The LGBT Health & Development Program

Youth Blog—Be in the Know about PrEP!

Posted on May 29th, 2014 by Katie in Featured, Life & HIV, Youth Blog. No Comments

blue and gold pills that say Gilead

Photo credit: lukasBraun, “HIV,” April 14, 2012

What is PrEP?

PrEP stands for Pre-Exposure Prophylaxis. The word prophylaxis means to prevent the spread of infection or disease. PrEP is a way for people who are HIV negative to prevent future HIV infections by taking one pill every day. The pill contains two medications that can help stop HIV from spreading in your body. If you are exposed to HIV through sex or injection drug use, the medicines lower the chance that you will become infected with HIV. To be effective, PrEP must be taken every day and used along with other prevention methods like condoms. The pill currently approved by the Food and Drug Administration is called Truvada.

PrEP is different from PEP. If you may have been exposed to HIV after a one-time event, such as unprotected sex or needle sharing, ask your doctor about PEP.

Is PrEP a vaccine?

No. PrEP is a pill that must be taken every day to be effective. A vaccine is injected and helps your body fight off infection for years. Currently, there is no vaccination to prevent HIV infection.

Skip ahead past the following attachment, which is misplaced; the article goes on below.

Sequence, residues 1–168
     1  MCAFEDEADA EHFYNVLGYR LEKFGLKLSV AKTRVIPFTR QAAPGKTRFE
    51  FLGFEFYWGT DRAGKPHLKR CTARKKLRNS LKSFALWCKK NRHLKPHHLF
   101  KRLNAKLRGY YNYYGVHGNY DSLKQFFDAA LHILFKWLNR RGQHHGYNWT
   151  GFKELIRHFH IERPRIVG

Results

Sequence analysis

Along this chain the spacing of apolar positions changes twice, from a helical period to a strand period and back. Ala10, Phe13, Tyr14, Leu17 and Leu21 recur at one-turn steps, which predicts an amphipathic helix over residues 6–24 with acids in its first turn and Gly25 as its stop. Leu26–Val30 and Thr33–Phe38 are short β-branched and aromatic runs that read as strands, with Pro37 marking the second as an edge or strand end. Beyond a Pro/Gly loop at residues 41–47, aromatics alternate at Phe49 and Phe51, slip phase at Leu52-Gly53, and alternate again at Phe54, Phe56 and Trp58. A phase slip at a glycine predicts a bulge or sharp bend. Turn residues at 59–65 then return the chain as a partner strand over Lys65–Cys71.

How well does PrEP work?

Clinical studies have shown that the risk of getting HIV was up to 92% lower for individuals who took the medication daily [1]. PrEP must be present in the bloodstream to be effective – therefore, it does not work as well unless it is taken every day.

While PrEP is a very powerful and effective HIV prevention option, no strategy is 100% effective. Therefore, individuals who take PrEP should use it with other HIV prevention methods such as using condoms, regular HIV and STI testing, and knowing your partner’s HIV status.

Should I take PrEP?

As of May 2014, the CDC recommends that people who are currently HIV negative and at substantial risk for HIV infection should consider taking PrEP [2]. This includes men who have sex with men who frequently have sex without condoms or who are in a sexual relationship with an HIV-infected partner.

People who take PrEP must commit to taking the pill every day and visiting their doctor for follow-up HIV tests.

Where can I get PrEP?

If you think you are at risk for HIV and would like to learn more about PrEP, talk to your health care provider. Prior to prescribing PrEP, your provider will need run a blood test to confirm your HIV negative status and check your liver and kidney functioning. For additional information please see the CDC’s brochure, Talk to your Doctor about PrEP.

Is there help to pay for PrEP?

PrEP is covered by most health insurance. If you do not have insurance, talk with your health care provider about your options. Gilead, the company that makes the pill, offers a patient assistance program to those who cannot afford to pay for the medication.

Where can I get more information?

CDC Fact Sheet

CDC PrEP Research

Truvada website

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[1] CDC. (2014). Pre-Exposure Prophylaxis (PrEP). Retrieved May 20, 2014 from

[2] CDC. (2014). Preexposure prophylaxis for the prevention of HIV infection in the United States – 2014: A clinical practice guideline. Washington, DC: U.S. Public Health Service.

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